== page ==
There's only one downside to the news that David Leonhardt (right, NYT pic) will become the new Washington bureau chief for the New York Times: presumably it means that he will do less writing on his own.
It is still too rare to find in mainstream journalism people who are (a) comfortable enough with the language, conventions, and math of formal economics to be able to write confidently about the substance of economic issues, rather than just reporting the politics of the issues in a "critics claim..." / "will Obama be vulnerable?" way; but also (b) detached enough from those conventions and shibboleths to be able to report clearly and confidently about what economic specialists get right and wrong.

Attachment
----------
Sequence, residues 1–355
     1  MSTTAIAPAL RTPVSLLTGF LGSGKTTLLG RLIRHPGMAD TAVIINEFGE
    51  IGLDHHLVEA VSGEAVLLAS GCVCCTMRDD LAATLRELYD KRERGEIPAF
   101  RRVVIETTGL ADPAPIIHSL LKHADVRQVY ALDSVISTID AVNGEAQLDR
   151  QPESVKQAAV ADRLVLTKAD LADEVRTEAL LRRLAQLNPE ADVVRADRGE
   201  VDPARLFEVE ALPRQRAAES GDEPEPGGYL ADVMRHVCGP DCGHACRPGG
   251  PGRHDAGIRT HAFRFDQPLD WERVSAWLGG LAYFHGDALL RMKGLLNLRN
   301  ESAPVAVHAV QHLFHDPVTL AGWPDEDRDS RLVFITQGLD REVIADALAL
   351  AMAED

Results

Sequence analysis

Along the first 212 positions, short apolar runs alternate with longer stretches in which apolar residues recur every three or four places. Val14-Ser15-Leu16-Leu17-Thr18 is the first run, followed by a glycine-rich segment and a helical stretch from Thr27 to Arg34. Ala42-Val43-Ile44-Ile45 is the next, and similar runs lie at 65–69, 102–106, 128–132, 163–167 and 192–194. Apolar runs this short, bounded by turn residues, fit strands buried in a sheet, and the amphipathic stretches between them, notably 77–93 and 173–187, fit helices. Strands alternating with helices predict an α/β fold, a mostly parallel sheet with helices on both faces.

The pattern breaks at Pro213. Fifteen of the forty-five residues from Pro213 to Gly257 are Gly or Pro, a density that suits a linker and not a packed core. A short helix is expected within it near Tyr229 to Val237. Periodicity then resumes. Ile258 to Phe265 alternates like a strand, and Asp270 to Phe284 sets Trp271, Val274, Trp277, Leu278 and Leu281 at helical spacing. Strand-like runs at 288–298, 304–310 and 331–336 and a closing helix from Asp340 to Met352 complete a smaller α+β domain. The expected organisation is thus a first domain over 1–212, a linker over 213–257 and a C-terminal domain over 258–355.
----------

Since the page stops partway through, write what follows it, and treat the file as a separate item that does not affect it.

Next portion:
In recent years Leonhardt's columns and blog posts have demonstrated exactly those two strengths. Regular readers know that -- and so, apparently, did the (sometimes wacky or log-rolling) judges of the Pulitzer committee, who awarded him this year's prize for commentary. Just a few samples: a column last year on the relationship between the health-care reform bill and the polarization of the American economy; a blog post on tax policy; and a magazine piece about the Chinese economy that was far more discerning and non-gape-jawed than the predictable "I've just gotten here, and these Chinese can do anything!!" visitor's report. Plus two more about China.
Congratulations to Leonhardt (whom I know slightly); congratulations to the Times and its incoming editor, Jill Abramson, for deciding that this was the right outlook to reward in Washington coverage; hey, congrats all around. Let's hope that in exchange for the columns he won't be writing he'll be extending this sensibility to bureau coverage as a whole.
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